“It ain’t over ‘til it’s over” seems to be the American Medical Association’s (AMA) motto in its ongoing fight against the mandated October 1, 2014 implementation date for ICD-10. Strong objections to the new code set’s burdens on physicians is nothing unusual, but the AMA is one of the very last professional organizations to truly believe there’s still a shot at suspending the transition for any significant length of time. To that end, they have asked providers to complete a short readiness survey to bolster evidence for a widespread lack of preparedness that will help argue for another delay.
AMA President Ardis Dee Hoven, MD, recently reiterated the organization’s opposition in her 2014 predictions list, noting that “the AMA has been working for years to prevent the roll-out of ICD-10. Two bills were introduced in 2013 to this end, and we continue to stress to the Centers for Medicare & Medicaid Services (CMS) that the new code set will place an immense burden on physicians.” Over the summer, AMA officials asked for a two-year grace period for coding errors, in which payers would not be allowed to deny claims based on wrong or non-specific ICD-10 codes. The AMA has also advocated for a continuance of ICD-9 until ICD-11 rolls out in an unspecified number of years.
While the stubbornness has not helped galvanize providers into preparedness, the organization might not need to look too hard for data supporting their position. There has never been an ICD-10 survey with a uniformly encouraging result, and recent polling efforts by WEDI, audit firm KPMG, and QualiTest have shown that financial, clinical, and technical issues continue to plague the industry well into the home stretch of implementation.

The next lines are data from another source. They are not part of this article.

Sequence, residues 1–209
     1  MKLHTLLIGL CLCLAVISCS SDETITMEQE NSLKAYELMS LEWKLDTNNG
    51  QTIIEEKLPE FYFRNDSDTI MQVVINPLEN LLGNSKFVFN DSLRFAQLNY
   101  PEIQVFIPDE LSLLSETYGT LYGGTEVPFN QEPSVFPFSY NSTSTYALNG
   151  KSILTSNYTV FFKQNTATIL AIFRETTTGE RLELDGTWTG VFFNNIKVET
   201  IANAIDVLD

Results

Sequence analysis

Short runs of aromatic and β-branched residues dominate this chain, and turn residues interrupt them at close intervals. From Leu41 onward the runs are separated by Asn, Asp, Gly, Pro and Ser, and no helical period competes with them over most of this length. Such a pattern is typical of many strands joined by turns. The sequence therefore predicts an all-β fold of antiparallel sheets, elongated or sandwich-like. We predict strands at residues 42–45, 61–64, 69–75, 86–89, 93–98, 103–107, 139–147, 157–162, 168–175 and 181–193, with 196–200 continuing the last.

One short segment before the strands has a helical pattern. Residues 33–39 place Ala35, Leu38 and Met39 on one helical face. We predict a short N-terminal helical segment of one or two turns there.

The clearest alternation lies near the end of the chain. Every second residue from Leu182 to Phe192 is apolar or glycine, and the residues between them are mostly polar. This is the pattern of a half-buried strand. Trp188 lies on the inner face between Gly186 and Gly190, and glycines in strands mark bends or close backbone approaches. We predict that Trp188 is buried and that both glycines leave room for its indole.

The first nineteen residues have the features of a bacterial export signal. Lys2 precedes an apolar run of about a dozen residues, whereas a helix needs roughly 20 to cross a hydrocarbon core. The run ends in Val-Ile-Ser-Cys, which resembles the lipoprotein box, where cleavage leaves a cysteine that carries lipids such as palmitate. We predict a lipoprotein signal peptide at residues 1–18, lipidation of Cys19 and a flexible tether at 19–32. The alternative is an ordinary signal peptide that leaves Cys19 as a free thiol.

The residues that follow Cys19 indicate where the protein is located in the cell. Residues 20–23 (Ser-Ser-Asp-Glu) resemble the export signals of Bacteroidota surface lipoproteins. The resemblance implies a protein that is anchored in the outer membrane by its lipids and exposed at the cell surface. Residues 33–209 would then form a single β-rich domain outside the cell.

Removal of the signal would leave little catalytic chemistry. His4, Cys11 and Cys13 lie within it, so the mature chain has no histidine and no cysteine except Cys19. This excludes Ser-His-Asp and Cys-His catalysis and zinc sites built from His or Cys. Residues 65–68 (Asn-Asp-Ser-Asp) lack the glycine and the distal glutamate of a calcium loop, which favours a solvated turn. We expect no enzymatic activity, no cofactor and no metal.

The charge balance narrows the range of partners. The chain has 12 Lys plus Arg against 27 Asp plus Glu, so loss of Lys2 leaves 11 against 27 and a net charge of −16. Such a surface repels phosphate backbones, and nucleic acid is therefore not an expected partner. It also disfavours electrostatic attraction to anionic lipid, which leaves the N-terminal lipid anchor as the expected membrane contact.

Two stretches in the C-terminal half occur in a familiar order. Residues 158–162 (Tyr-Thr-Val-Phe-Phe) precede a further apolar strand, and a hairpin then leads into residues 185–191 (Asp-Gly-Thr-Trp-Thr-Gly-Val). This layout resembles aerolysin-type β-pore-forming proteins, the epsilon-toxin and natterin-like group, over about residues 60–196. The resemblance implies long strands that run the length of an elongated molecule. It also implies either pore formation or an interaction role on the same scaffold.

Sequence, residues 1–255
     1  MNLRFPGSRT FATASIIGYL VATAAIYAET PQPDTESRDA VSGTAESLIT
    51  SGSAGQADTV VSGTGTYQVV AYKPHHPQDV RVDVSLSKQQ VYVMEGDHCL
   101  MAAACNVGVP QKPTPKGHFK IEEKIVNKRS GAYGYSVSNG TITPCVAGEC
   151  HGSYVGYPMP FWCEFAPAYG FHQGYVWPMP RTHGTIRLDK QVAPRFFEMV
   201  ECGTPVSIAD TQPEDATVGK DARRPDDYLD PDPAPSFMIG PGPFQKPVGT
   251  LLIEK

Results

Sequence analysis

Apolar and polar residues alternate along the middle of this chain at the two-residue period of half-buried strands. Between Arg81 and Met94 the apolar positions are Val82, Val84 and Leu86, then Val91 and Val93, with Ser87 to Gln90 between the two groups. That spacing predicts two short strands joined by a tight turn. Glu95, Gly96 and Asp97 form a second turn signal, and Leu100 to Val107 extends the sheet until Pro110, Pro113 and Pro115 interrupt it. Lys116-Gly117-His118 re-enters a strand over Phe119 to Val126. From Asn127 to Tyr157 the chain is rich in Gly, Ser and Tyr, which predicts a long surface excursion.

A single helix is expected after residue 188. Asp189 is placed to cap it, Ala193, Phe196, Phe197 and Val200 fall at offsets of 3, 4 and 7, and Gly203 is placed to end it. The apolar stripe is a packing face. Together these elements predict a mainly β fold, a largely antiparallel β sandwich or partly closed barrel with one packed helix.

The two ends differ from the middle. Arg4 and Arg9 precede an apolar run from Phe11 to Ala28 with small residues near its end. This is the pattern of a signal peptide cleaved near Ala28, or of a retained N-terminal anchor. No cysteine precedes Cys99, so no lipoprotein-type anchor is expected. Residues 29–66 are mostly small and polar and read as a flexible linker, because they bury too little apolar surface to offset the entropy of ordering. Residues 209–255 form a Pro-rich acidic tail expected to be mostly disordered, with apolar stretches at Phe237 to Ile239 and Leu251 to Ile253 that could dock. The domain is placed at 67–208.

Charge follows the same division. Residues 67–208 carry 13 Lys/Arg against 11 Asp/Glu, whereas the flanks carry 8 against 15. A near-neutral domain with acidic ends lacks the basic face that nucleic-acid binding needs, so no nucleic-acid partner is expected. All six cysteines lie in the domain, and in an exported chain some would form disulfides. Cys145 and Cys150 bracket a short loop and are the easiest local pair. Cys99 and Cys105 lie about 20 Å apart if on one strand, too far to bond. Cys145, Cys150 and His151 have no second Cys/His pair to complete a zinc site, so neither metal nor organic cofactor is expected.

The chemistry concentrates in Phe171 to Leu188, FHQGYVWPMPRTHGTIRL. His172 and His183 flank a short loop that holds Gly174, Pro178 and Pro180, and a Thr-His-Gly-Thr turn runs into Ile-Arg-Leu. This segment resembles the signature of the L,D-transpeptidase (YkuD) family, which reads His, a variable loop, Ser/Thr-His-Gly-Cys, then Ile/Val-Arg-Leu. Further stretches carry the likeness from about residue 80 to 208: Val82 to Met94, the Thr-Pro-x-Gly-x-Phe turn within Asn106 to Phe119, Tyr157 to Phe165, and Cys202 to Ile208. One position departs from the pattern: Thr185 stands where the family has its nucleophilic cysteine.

The AMA wants to add data on vendor readiness to the ledger. The new survey asks providers about the cost and anticipated readiness date for upgrades to practice management and EHR software. Other questions gauge internal testing plans and the availability of Version 2014 Certified EHR technology. The combined cost and effort of these simultaneous updates may prove a headache for both developers and the providers who need to finesse their staff members and budgets into shape.
Even though they continue to push for a delay, the AMA acknowledges that providers need to get their readiness plans in gear. Resources from the organization are available to aid in the planning, testing, and conversion process, including general information and a 12-step action plan.
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